School Quality and Black-White Relative Earnings: A Direct Assessment

David Card, Alan B. Krueger

NBER Working Paper No. 3713
Issued in May 1991
NBER Program(s):Labor Studies

The average wage differential between black and white men fell from 40 percent in 1960 to 25 percent in 1980. Much of this convergence is attributable to a relative increase in the rate of return to schooling among black workers. It is widely argued that the growth in the relative return to black education reflects the dramatic improvements in the quality of black schooling over the past century. To test this hypothesis we have assembled data on three aspects of school quality -- pupil teacher ratios. annual teacher pay. and term length for black and white schools in 18 segregated states from 1915 to 1966. The school quality data are linked to estimated rates of return to education for Southern-born men from different cohorts and states. measured in 1960. 1970. and 1980. Improvements in the relative quality of black schools explain 20 percent of the narrowing of the black-white earnings gap between 1960 and 1980.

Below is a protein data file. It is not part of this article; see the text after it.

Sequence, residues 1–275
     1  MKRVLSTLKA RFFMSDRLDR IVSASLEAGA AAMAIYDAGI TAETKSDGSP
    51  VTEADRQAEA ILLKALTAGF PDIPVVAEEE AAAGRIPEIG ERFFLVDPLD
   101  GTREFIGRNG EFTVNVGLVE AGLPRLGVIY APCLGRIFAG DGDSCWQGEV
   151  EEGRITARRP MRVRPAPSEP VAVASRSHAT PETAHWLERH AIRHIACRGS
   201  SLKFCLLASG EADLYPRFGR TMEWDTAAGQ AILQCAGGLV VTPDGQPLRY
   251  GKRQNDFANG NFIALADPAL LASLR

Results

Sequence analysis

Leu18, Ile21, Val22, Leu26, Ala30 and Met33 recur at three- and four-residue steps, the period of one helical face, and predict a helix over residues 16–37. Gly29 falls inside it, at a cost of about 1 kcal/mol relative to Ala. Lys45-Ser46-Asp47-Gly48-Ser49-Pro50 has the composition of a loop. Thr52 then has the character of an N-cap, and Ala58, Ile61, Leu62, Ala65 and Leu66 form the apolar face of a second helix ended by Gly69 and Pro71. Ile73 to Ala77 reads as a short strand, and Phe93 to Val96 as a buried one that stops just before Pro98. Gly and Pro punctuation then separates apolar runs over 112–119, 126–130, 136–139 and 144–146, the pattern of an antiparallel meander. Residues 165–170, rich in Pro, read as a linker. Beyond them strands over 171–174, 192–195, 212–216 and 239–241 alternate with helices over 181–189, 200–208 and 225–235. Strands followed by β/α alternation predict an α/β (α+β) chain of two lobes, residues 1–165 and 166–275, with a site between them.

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Document Object Identifier (DOI): 10.3386/w3713

Published: The Quarterly Journal of Economics, Vol. 107, no. 1, February 1992, p. 151- 200 citation courtesy of

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